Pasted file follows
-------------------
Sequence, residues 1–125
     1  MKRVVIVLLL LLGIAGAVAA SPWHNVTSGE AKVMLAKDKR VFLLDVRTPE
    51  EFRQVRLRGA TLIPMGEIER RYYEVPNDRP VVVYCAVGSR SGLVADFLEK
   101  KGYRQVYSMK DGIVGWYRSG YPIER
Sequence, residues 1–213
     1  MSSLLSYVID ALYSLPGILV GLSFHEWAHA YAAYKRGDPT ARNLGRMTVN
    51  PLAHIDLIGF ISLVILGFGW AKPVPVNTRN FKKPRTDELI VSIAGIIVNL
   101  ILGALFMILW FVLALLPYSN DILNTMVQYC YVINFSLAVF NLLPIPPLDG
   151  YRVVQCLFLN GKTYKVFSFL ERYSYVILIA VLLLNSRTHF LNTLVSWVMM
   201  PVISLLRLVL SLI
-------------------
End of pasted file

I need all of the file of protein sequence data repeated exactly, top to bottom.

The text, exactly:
Sequence, residues 1–125
     1  MKRVVIVLLL LLGIAGAVAA SPWHNVTSGE AKVMLAKDKR VFLLDVRTPE
    51  EFRQVRLRGA TLIPMGEIER RYYEVPNDRP VVVYCAVGSR SGLVADFLEK
   101  KGYRQVYSMK DGIVGWYRSG YPIER
Sequence, residues 1–213
     1  MSSLLSYVID ALYSLPGILV GLSFHEWAHA YAAYKRGDPT ARNLGRMTVN
    51  PLAHIDLIGF ISLVILGFGW AKPVPVNTRN FKKPRTDELI VSIAGIIVNL
   101  ILGALFMILW FVLALLPYSN DILNTMVQYC YVINFSLAVF NLLPIPPLDG
   151  YRVVQCLFLN GKTYKVFSFL ERYSYVILIA VLLLNSRTHF LNTLVSWVMM
   201  PVISLLRLVL SLI